RANTZ AND RAVEZ-There is so much to review with you that I don’t know where to begin. Should I start with the RaveZ or the RantZ? Remember that RaveZ are the good things while RantZ are the bad or not so good things I come across in my daily dealings as a life-long resident of Los Angeles.
My connection with Los Angeles includes a 33-year career with the LAPD, an election to the Charter Reform Commission and twelve years as a Los Angeles City Councilman.
Following the March 7 election, I reported on a number of RaveZ and congratulated the winners of the various offices. Some readers I have subsequently met in the community have reminded me that they truly enjoy my RantZ and the criticism of the out-of-touch politicians that blunder with their votes, squander tax dollars and forsake representation of you, the hard-working, frustrated taxpayers of this region of Southern California. With that in mind, here we go.
On the state level, there is the Governor, State Senators and Assembly members. They are currently working on programs to increase the gas tax, adding to all the other taxes we all pay. Some are also working on establishing California as a Sanctuary State.
Then there are the five members of the Los Angeles County Board of Supervisors who have one public meeting a week. This is in comparison to the three public meetings the LA City Council has weekly. Not many people know exactly what the County Supervisors actually do since we seldom hear from them. It is like a secret operation of government. Think about it. What exactly do they do with the billions of dollars they collect in taxes?
Last, but not least, we have the Mayor of Los Angeles and the 14 out of 15 Los Angeles City Council members. One council seat remains vacant due to the fact that one elected official left office for a lobbying opportunity in Sacramento. It must be a well-paying job up there, considering that LA City Councilmembers receive an annual salary of nearly $190,000 a year, plus a car and a pension and many other perks that come along with the job. No wonder so many former California state elected officials serving in Sacramento run for LA City Council seats.
Let’s do the count of former Sacramento elected officials who are now Los Angeles City Councilmembers: Districts 1, 2, 3 ,5, 9 and 10. Hopefully they will get together and pave the streets, fix the broken sidewalks and use the money you voted for in recent elections to address the homeless crisis that has continued to grow by leaps and bounds throughout Los Angeles, negatively impacting the quality of life in nearly every neighborhood. This includes people living in freeway underpasses, local parks, on sidewalks and in motorhomes parked along so many local streets throughout Los Angeles. It is like a fire that continues to burn and grow with no end in sight.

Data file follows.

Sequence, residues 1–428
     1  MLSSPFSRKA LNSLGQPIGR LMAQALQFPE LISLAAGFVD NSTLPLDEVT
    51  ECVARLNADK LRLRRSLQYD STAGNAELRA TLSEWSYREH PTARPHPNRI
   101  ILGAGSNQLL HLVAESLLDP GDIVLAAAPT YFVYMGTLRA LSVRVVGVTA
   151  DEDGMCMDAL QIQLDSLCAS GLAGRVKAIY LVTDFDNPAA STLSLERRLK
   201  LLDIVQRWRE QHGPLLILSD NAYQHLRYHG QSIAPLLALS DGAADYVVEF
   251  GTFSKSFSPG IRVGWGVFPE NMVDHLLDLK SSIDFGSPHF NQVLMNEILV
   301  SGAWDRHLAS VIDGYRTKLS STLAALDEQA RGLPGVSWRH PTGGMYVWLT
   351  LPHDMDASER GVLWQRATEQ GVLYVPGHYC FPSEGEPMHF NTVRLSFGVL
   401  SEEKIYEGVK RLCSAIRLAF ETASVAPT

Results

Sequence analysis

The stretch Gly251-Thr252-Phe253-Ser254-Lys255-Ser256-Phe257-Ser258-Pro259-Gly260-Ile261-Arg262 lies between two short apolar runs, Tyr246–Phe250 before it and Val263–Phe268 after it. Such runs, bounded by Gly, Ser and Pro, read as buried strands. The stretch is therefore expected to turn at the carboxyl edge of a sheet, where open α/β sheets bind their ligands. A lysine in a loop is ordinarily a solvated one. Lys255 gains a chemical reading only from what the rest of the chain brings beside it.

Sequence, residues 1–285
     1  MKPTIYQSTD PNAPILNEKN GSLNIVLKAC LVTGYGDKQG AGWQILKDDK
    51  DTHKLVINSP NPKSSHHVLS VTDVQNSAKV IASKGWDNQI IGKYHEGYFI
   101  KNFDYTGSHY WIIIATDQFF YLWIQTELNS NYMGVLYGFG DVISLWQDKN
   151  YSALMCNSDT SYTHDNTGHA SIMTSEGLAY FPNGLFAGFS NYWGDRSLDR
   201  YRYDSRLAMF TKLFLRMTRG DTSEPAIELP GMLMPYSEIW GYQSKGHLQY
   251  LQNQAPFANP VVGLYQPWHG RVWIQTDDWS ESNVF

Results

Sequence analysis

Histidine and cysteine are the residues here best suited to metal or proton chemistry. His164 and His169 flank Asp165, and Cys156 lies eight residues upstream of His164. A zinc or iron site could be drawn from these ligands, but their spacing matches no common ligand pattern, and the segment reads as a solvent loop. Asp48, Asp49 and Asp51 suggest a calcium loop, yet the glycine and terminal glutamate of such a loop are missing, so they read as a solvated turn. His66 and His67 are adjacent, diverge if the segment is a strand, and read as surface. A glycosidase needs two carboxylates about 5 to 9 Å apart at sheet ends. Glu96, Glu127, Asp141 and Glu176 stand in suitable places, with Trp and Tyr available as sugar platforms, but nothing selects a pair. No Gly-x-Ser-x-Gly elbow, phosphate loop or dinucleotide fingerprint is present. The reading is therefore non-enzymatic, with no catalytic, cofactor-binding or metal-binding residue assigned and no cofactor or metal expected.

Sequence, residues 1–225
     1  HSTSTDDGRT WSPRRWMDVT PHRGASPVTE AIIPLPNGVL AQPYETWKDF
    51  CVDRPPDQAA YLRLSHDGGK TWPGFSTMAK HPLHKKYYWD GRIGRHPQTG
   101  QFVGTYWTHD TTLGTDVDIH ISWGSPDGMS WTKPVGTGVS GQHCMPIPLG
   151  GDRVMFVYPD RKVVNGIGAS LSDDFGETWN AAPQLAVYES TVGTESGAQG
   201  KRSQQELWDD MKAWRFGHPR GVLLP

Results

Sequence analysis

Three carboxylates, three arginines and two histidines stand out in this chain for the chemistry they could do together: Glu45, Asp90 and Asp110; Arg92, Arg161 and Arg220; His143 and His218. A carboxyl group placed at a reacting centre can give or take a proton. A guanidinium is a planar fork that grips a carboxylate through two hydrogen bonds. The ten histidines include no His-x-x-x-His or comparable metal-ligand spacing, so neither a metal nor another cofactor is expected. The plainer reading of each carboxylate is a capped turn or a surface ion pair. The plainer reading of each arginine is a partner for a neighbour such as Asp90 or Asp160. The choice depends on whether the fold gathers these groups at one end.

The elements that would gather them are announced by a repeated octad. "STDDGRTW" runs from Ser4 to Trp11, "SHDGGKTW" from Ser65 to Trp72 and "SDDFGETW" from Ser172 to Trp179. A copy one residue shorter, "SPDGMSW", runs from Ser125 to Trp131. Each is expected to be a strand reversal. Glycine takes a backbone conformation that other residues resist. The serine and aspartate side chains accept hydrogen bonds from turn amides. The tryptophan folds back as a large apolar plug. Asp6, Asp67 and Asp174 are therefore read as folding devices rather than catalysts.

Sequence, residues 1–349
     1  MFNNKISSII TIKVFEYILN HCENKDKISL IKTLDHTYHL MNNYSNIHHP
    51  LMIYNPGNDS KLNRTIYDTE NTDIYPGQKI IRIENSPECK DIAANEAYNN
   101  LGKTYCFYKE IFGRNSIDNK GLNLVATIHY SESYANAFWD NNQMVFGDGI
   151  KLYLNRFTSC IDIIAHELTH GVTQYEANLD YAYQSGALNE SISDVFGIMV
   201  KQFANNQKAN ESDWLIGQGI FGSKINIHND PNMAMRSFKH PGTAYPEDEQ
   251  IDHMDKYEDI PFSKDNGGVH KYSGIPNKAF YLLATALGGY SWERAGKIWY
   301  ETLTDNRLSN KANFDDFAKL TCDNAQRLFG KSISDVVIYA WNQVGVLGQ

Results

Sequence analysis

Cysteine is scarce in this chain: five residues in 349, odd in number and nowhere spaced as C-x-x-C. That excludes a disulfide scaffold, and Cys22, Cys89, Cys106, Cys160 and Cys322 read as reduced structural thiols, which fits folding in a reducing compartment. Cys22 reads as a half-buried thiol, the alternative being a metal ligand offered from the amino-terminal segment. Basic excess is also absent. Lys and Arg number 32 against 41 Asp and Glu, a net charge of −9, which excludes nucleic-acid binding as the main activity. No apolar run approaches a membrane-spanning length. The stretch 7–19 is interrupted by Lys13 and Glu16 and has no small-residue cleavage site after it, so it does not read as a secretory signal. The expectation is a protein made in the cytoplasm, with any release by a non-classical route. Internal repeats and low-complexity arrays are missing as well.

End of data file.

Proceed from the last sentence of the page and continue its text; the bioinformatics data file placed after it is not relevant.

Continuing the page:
You have done your job by voting for more taxes to address the matter. We can only hope and pray that the elected powers-that-be can finally address and reduce or eliminate the situation in the City of the Angels.
I told you so…and I was right in the end!
While I was serving as the LA City Councilman for the 3rd Council District in the South West San Fernando Valley, I was approached by a developer who wanted to purchase an old abandoned school on Fallbrook south of Victory Blvd to build an elder care facility. Knowing the need for quality facilities for our aging population, I reviewed the proposal and gave my full and complete approval for the development. Knowing Fallbrook as a major roadway with a 45 mph speed limit with multiple lanes and a variety of businesses, both commercial and residential, I did not hesitate in my approval of the facility.
Serving on the Board of the Jewish Home for the Aging “Executives” committee for over 20 years, I clearly know the need and concerns of our aging population. All was going well until some members of the community decided to file a lawsuit and forced the developer to modify the facility and put a fortune of money into an account to compensate those that joined the suit. This amount was over $400,000! After an agreement was made with the group, another group of residents decided to protest the facility and pressured the local city councilmen to pull his support for the facility. After all the dealings for a number of years and a court review, the matter was heard before the South Valley Los Angeles Area Planning Commission on March 23. The commission ruled in favor of the developer.
Finally, after years of review and debate and argument and court cases, senior residents of our community will have another safe and comfortable place to reside in peace and happiness. I want to congratulate Councilman Bob Blumenfield for standing up for seniors and fighting the good fight against a few NIMBYs from the “Preserve Walnut Acres” group that went down in flames.
There you have it. Another edition of RantZ and RaveZ for your reading entertainment. I welcome your comments at Zman8910@aol.com.
(Dennis P. Zine is a 33-year member of the Los Angeles Police Department and former Vice-Chairman of the Elected Los Angeles City Charter Reform Commission, a 12-year member of the Los Angeles City Council and a current LAPD Reserve Officer who serves as a member of the Fugitive Warrant Detail assigned out of Gang and Narcotics Division. Zine was a candidate for City Controller last city election. He writes RantZ & RaveZ for CityWatch. You can contact him at Zman8910@aol.com. Mr. Zine’s views are his own and do not reflect the views of CityWatch.) Edited for CityWatch by Linda Abrams.